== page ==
Published in 1598, John Stow’s Survey of London was the first attempt to provide a full-scale history of what he described as ‘the chiefe and principall citie of the land’. Stow showed humility in acknowledging that such a subject called ‘for the pen of some excellent Artisen’ and deprecating the ‘playne manner’ in which he wrote. But the success of his endeavour was immediate and sustained. New editions were issued in 1603, 1618, 1633, 1720 and 1754.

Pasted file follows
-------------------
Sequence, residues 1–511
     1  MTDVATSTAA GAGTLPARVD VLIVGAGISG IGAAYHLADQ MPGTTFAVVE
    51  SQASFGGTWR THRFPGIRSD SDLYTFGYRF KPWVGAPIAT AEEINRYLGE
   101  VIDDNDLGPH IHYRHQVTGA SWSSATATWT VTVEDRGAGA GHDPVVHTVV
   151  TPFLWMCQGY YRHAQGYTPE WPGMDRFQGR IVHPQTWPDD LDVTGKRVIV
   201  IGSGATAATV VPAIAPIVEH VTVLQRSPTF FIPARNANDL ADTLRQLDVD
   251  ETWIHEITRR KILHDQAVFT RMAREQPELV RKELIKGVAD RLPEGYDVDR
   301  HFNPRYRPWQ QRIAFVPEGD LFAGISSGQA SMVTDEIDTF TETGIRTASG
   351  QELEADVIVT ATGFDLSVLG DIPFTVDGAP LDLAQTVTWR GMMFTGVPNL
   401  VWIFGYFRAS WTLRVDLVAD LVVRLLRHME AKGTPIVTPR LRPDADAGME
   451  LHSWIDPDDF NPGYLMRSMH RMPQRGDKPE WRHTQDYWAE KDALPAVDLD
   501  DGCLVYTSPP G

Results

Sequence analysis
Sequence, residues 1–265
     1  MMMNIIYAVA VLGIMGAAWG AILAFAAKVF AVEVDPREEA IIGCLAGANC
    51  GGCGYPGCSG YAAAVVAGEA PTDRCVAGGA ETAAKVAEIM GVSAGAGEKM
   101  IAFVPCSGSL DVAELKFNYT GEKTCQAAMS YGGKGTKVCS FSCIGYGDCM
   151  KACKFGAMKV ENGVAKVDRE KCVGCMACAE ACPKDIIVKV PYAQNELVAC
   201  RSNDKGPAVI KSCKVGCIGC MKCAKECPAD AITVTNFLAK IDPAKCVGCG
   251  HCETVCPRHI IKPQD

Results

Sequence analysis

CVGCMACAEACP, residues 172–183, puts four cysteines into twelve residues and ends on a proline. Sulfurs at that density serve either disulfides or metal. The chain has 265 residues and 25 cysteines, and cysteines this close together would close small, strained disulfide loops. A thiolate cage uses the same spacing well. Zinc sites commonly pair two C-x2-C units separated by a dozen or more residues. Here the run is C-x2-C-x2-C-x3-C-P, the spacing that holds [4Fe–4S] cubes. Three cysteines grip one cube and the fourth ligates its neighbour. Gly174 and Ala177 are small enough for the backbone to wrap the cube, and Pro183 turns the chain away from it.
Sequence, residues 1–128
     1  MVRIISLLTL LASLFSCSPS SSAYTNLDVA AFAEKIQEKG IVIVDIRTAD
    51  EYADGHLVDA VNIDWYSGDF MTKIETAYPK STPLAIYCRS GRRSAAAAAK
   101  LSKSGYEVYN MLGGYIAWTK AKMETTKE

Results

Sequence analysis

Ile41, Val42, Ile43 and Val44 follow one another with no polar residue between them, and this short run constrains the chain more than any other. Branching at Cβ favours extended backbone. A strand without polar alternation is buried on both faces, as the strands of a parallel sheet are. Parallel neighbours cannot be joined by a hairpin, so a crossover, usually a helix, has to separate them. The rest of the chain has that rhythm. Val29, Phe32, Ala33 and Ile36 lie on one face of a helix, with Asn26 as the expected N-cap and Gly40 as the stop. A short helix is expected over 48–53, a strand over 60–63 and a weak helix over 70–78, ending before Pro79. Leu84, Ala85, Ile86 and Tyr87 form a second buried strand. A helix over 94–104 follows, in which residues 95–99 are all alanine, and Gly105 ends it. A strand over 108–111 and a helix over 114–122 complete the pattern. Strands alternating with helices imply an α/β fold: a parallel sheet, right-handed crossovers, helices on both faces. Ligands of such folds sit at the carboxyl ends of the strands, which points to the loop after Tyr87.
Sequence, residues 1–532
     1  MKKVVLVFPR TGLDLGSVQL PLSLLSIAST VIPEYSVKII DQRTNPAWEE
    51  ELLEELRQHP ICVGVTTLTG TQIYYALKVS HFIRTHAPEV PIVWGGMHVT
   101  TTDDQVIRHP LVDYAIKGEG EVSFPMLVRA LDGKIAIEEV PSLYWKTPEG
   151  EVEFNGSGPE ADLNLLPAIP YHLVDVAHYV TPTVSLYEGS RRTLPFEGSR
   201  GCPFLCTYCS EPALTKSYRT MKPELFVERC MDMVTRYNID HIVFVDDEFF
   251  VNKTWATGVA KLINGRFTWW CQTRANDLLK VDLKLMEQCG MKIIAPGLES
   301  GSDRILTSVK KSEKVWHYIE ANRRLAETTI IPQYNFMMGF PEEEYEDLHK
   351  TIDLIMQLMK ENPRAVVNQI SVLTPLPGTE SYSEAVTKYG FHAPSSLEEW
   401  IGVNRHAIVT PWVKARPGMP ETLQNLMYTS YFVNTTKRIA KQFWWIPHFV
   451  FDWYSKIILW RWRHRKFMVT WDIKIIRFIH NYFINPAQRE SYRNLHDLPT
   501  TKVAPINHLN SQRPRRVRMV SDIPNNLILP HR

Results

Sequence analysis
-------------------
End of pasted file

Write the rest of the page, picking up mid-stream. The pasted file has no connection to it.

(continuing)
Stow’s book was reprinted several times in the 19th century and inspired an important imitation in 1894, when the new Survey of London was established by the Arts and Crafts architect C R Ashbee. Initially supported by the embryonic London County Council, it aimed to give a complete description